Aspartate Aminotransferase (AST)
An aspartate aminotransferase (AST) test measures the amount of this Reference enzyme Opens New Window in the blood. AST is normally found in Reference red blood cells Opens New Window, Reference liver Opens New Window, heart, muscle tissue, Reference pancreas Opens New Window, and kidneys. AST formerly was called serum glutamic oxaloacetic transaminase (SGOT).
Low levels of AST are normally found in the blood. When body tissue or an organ such as the heart or liver is diseased or damaged, additional AST is released into the bloodstream. The amount of AST in the blood is directly related to the extent of the tissue damage. After severe damage, AST levels rise in 6 to 10 hours and remain high for about 4 days.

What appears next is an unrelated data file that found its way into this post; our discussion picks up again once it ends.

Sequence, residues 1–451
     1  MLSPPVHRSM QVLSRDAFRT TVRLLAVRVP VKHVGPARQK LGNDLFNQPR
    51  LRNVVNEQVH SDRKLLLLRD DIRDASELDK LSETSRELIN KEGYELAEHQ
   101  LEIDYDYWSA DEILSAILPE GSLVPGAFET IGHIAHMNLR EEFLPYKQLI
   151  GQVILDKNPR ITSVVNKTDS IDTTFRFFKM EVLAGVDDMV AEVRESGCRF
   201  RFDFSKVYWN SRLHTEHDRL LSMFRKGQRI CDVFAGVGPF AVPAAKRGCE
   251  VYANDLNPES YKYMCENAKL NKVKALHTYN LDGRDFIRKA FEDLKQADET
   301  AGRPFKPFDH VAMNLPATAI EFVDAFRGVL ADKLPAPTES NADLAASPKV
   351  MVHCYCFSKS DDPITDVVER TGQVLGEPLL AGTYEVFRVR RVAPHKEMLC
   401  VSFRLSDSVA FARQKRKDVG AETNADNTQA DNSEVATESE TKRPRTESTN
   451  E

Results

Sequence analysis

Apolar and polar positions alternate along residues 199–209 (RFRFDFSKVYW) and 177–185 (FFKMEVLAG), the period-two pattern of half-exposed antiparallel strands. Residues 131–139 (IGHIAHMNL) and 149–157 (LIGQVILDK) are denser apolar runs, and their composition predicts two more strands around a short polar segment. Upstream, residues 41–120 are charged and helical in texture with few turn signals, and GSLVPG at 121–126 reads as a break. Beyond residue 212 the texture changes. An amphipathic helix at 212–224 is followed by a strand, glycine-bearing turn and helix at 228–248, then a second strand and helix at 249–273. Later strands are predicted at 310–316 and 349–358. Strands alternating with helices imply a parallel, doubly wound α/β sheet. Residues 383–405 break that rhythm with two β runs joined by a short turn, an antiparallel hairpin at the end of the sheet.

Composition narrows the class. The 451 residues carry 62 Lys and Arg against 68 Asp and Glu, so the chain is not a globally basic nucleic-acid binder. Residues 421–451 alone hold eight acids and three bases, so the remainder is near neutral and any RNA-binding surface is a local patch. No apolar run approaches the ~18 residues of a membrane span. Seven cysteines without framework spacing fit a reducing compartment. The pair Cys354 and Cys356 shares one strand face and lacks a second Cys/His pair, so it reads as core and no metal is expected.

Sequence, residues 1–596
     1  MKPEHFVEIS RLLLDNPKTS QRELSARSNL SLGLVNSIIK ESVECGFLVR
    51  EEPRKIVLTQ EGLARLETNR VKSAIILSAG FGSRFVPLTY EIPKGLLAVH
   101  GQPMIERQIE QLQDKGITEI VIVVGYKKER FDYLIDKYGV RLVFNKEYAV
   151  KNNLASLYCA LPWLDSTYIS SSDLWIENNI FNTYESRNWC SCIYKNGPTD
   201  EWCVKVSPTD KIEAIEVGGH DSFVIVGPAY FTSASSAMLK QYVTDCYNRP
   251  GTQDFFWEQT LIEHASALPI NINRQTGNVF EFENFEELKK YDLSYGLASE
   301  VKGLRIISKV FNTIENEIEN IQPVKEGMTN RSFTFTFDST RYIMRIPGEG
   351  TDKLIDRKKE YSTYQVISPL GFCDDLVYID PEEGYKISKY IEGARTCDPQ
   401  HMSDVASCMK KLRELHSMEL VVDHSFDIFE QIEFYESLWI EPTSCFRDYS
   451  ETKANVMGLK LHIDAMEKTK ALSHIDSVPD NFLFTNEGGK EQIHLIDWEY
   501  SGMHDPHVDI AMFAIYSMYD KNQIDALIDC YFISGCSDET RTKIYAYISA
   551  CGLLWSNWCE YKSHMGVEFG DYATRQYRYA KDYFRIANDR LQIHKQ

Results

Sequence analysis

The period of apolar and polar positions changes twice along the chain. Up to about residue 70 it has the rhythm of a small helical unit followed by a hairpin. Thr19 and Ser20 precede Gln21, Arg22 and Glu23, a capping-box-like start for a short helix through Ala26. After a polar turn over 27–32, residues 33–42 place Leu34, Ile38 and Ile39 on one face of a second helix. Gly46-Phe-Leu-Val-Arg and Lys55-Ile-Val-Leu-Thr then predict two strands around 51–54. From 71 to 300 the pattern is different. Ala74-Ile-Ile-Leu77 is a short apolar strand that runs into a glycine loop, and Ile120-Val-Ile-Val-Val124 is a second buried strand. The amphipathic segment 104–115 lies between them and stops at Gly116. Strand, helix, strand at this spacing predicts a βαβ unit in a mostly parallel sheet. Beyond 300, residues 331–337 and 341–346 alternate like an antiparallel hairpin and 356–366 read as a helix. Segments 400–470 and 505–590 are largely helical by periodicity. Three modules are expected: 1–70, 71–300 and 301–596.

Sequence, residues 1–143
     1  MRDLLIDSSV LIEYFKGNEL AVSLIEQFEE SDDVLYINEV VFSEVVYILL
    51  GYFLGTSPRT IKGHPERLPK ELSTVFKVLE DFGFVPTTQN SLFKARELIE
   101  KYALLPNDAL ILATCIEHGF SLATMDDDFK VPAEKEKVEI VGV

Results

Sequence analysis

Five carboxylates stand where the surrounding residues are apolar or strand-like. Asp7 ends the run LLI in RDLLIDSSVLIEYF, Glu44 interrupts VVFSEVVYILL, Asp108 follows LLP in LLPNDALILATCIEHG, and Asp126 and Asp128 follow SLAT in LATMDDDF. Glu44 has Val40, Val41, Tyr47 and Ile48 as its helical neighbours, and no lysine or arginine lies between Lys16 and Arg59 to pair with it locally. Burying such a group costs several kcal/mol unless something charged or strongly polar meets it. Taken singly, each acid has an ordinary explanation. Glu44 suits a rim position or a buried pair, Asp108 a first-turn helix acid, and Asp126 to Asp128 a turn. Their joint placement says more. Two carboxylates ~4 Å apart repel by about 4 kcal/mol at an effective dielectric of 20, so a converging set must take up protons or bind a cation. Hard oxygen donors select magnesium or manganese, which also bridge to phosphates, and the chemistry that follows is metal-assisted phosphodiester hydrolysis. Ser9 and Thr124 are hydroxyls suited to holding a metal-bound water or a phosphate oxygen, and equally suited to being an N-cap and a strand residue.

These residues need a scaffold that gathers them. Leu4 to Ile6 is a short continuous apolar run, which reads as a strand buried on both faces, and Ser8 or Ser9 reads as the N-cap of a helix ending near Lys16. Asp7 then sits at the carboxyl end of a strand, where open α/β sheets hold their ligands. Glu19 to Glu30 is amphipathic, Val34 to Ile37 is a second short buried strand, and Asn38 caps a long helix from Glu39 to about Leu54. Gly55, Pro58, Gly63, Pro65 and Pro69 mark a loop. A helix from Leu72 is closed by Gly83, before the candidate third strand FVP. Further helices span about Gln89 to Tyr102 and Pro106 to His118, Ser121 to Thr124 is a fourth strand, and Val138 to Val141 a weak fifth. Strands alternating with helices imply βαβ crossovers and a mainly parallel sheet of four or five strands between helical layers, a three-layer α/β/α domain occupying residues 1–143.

The AST test may be done at the same time as a test for alanine aminotransferase, or ALT. The ratio of AST to ALT sometimes can help determine whether the liver or another organ has been damaged. Both ALT and AST levels can test for liver damage.
|By:||Reference Healthwise Staff||Last Revised: Reference November 4, 2011|
|Medical Review:||Reference E. Gregory Thompson, MD - Internal Medicine
Reference Jerome B. Simon, MD, FRCPC, FACP - Gastroenterology